Foolscap folio, 60 pages but LACKING the 2-page endorsement at the rear (printed on the verso only] and the large folding three-colour Arrowsmith map ('The District of Adelaide ... as divided into Country Sections', 695 x 500 mm).
Contemporary blind-stamped limp full calf lettered in gilt on the front cover; leather a little rubbed at the extremities and lightly marked; endpapers offset, with the front flyleaf a little silverfish-nibbled; first and last two leaves discoloured,... Read complete entry
Ferguson 2735 (not noting the endorsement in his pagination). The SA Auditor General's copy, with his title stamped in gilt on the front cover, and written in ink inside the front cover and at the head of the title page (where 'Instructions to Aud. Genl Page 48' is also written). The annotations tend to be of the cross-referencing kind, the pencilling and underlining is for emphasis. It would be preferable to have an unmarked copy with the map, but at least this is a cheap copy and the appendices make interesting reading. These include Appendix 2, 'Report of the Protector of Aborigines, dated 1 July 1838' by William Wyatt, and Appendix 19, the complete list of the names of the original proprietors of the country sections of Adelaide (289 allotments of 134 acres each and 35 allotments of 80 acres each). Appendices 3 to 8 reprint documents relating to delays with the preliminary surveys. These include 'Letters of Colonel Light and his Assistants, announcing their resignation', and Light's letter is worthy of note: 'I am allowed one week to consider whether I will undertake a running survey of 150 square miles, in addition to what may have been surveyed, on conditions laid down in the letters of Mr. Rowland Hill to Mr. Kingston ... In reply to your letter I beg to state, that I do not require one week to consider this matter, but say at once that I will not do it [emphasis in the original], and that I despise and contemn the language used by Mr. Rowland Hill'.
Octavo, xii (last blank), 174,  (colophon) pages with a map and 2 illustrations plus a tipped-in corrigenda slip.
Cloth lightly marked, and slightly rubbed and bumped at the extremities; half-title and last (blank) page slightly offset; small stain to the bottom edge (of the rear half of the book near the corner, with minimal impact to the bottom margin); overall... Read complete entry
'The greater part of this book consists of the correspondence between Sir Baldwin Spencer and Sir James Frazer ... [and] these provide a nearly continuous account of the progress in method and discovery made by the Explorer during his three great Australian Expeditions'. These expeditions were conducted in conjunction with Francis James Gillen, Spencer's ''most important discovery' according to Professor Elliot Smith'. The introduction further states that 'The news of Gillen's death reached Spencer while he was camping on the East Alligator River in the Northern Territory. Through the kindness of Gillen's son, we are able to quote a part of Spencer's letter to Mrs. Gillen, dated June 18, 1912'. This copy of the book is signed on the flyleaf 'J.B. Gillen', Francis Gillen's son, and a finer association copy is hard to imagine (Spencer himself having died on a field trip to Tierra del Fuego in July 1929).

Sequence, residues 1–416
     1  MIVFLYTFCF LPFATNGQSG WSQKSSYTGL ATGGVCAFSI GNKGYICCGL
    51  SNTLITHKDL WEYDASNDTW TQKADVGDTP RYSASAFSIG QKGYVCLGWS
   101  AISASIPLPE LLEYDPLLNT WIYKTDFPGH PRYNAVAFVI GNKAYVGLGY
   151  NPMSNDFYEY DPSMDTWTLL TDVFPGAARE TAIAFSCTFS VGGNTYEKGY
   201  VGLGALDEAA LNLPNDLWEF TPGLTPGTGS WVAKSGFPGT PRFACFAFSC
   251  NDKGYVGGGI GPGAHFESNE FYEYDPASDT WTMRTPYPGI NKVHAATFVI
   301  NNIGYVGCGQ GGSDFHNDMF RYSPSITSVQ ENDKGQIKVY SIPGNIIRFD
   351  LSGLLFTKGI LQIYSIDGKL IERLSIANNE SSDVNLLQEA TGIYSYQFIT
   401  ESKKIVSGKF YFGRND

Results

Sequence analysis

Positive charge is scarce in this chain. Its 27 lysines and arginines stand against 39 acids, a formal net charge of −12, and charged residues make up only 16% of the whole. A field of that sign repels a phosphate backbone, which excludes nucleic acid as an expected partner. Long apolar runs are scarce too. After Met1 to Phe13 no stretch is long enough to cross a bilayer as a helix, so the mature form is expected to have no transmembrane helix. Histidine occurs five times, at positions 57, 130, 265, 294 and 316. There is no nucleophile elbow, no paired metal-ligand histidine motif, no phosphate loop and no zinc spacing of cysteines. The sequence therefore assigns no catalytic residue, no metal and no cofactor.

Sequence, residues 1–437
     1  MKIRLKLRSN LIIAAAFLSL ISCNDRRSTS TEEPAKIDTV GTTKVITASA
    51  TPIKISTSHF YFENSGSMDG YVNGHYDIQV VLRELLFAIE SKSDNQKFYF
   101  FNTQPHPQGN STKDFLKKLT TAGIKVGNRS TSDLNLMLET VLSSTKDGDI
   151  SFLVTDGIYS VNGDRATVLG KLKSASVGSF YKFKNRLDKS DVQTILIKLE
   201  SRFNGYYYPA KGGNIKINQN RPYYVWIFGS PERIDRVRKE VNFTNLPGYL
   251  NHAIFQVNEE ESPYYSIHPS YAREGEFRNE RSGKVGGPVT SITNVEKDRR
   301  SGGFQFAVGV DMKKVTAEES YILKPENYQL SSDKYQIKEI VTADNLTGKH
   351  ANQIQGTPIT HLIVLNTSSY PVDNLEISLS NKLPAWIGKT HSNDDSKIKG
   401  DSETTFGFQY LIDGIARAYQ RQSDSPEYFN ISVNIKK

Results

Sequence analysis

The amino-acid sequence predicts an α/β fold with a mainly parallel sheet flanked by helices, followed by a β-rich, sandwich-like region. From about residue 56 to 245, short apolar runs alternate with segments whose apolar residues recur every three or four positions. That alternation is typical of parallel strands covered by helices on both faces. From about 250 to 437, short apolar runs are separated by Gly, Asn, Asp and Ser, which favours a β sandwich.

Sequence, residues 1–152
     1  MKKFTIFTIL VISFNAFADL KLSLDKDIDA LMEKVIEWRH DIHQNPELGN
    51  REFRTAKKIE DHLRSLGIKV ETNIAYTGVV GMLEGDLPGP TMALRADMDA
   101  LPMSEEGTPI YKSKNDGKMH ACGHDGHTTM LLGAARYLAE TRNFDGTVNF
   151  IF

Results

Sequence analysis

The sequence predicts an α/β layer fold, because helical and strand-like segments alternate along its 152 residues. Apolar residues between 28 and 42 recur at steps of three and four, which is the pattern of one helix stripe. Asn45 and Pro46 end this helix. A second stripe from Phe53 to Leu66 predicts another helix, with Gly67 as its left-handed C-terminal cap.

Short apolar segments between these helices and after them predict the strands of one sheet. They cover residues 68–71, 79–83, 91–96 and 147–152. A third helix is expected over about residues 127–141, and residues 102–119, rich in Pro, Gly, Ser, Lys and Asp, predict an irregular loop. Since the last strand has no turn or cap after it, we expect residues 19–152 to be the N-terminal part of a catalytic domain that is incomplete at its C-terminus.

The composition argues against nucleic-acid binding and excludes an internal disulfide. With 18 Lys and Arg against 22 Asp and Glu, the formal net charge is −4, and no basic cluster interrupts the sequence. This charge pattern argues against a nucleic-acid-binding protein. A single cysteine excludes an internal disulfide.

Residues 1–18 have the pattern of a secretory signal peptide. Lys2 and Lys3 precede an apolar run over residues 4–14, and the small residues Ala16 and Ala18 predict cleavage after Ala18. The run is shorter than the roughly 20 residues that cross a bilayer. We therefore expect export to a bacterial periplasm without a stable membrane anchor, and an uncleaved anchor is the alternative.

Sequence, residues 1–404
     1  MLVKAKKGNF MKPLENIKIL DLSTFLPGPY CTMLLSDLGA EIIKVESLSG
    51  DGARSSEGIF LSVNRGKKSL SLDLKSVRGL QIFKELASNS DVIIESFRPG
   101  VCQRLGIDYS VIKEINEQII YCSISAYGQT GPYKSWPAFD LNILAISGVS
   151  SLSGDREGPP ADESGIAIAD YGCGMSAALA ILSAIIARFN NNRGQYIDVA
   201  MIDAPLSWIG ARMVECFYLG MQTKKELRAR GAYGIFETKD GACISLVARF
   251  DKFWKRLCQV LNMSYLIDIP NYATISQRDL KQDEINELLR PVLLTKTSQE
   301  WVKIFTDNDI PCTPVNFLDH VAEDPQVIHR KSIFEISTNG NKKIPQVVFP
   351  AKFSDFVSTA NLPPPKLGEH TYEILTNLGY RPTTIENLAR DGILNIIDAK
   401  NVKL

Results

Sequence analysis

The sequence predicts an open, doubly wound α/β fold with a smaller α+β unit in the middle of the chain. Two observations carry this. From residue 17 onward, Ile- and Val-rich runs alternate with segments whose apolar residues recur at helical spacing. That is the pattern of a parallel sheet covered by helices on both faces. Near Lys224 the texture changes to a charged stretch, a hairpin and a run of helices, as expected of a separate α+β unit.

Bright red cloth slightly flecked; first and last pages a little tanned; a fine copy.
Inscribed and signed by the author on an early blank to Ethelwynne Giles. Shirley Cameron Wilson, the author's niece, has written her name at the head of the half-title. Loosely inserted is a flyleaf detached from another (smaller) book; it is signed 'Nell. G. Strawbridge' (Allan's sister and Shirley's mother), and inscribed 'From Allan 1908. For your growing library of classics'. Marginal notes pencilled on some early pages identify Ethelwynne Giles (Julie in the book) as another one of the author's sisters. The early portion of the book relates to Strawbridge's youth spent in Adelaide, where his father was Surveyor-General.
Large quarto, 464 pages with thousands of illustrations plus an errata leaf tipped inside the front cover.
Flush-cut quarter cloth and card covers slightly marked and a little rubbed at the corners, with slight surface loss at the rear; a few small inkspots to the edges; corner tips of the first and last few leaves a little creased or rounded; an excellent... Read complete entry
Predominantly the bicycle and its many parts and accoutrements, but there is a 48-page section devoted mainly to lamps (this is in addition to the lengthy section on bicycle lamps).
Toowong, Takarakka Nowan Kas Publications, in association with The Australian Centre, University of Melbourne, 2000.
Oblong folio, [vi], xiv, 464 pages with over 2000 illustrations and over 620 colour plates.
Synthetic leather with a colour plate mounted on the front cover; small private library stamp on the front flyleaf ('From the library of / the Australian Decorative & / Fine Arts Society / Sunshine Coast Inc.'); a few tiny creases to the... Read complete entry